Last year, Zona MACO brought in over 62,000 visitors compared to ABMB’s 81,000. Although they’re similar on paper, MACO is a smaller fair in a much larger city—which is really what makes this week feel different.
Whether guests were lions, bears, flying monkeys, or straight-up divas in black and white, this event felt exceptional without being stuffy, lavish but not vulgar.
Field workers, sharecroppers, mothers, grandmothers (and occasionally fathers too) share space in her oeuvre with abolitionists and civil rights icons, everyone with dirt under their fingernails, everyone in all of their ordinary glory.
@jerrygogosian: "You can still be an artist and find a way to support yourself without academia, grants, or gallery sales, and frankly, the bigger “world” needs the influence of artistic thinkers the most."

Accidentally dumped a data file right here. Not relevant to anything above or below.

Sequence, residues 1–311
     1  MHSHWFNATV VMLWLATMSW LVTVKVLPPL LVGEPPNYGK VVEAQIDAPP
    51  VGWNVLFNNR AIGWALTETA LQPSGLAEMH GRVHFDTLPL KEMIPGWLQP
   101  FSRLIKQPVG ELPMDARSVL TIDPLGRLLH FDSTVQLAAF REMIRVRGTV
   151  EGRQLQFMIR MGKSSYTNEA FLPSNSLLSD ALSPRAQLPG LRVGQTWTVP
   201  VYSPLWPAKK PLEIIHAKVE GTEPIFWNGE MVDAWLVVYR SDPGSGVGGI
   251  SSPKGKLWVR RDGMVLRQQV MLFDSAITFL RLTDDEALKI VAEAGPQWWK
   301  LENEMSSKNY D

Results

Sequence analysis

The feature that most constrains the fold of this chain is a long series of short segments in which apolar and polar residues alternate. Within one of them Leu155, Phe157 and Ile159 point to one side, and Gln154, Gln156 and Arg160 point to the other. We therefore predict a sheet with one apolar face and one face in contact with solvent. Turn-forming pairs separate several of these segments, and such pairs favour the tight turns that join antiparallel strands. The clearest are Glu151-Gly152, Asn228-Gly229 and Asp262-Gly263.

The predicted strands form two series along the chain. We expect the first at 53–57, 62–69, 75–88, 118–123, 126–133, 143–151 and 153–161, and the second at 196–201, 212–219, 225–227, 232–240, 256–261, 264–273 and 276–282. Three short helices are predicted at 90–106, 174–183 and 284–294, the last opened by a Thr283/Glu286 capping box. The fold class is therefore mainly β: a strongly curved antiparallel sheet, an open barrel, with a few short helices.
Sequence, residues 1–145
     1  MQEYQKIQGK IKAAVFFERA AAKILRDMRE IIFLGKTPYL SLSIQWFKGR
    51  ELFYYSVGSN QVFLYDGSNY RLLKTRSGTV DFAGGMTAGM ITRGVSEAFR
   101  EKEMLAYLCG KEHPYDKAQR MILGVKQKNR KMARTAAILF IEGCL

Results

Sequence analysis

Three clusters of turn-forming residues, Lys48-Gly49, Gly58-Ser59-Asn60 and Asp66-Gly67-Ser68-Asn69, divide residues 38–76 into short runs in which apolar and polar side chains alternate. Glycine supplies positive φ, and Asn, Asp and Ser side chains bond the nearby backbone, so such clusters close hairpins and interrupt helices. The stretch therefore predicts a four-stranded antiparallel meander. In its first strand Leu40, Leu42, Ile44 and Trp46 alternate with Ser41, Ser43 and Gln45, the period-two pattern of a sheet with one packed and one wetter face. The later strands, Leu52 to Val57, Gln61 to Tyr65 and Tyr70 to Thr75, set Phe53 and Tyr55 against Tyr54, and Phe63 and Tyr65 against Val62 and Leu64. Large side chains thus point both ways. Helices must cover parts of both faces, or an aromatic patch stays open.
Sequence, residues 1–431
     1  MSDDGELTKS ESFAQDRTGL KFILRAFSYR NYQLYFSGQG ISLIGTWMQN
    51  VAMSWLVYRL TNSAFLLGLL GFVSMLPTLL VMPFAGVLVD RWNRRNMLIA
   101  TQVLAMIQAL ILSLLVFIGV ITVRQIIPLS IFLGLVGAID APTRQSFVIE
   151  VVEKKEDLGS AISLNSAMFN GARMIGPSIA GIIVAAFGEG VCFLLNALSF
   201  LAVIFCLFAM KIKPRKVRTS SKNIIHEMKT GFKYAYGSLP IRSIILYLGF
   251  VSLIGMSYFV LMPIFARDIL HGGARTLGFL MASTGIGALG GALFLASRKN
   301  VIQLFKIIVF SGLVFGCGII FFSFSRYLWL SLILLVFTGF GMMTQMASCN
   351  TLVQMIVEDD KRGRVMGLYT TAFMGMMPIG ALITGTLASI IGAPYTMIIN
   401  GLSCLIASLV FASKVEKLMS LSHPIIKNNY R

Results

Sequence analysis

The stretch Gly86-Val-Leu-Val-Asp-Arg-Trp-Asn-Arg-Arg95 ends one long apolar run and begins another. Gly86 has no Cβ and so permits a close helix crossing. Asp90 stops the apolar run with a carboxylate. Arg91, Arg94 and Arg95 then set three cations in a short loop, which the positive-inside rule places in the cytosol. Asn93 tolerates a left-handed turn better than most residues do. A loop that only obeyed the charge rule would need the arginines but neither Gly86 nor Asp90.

As the largest global displacement crisis since World War II continues to unfold, two recently opened installations in Washington, DC museums offer provocative, distinct ways of thinking about migration and ...
The artist talks about the impact climate change has had during her lifetime, what it was like to be one of the few mothers at MICA in the 1980s, and her beliefs about an artist’s role in educating the public.
Brown’s installation and photography work, which asks her audience “to confront race and identity in modern terms,” challenges some viewers to recognize microaggressions they may not have previously considered.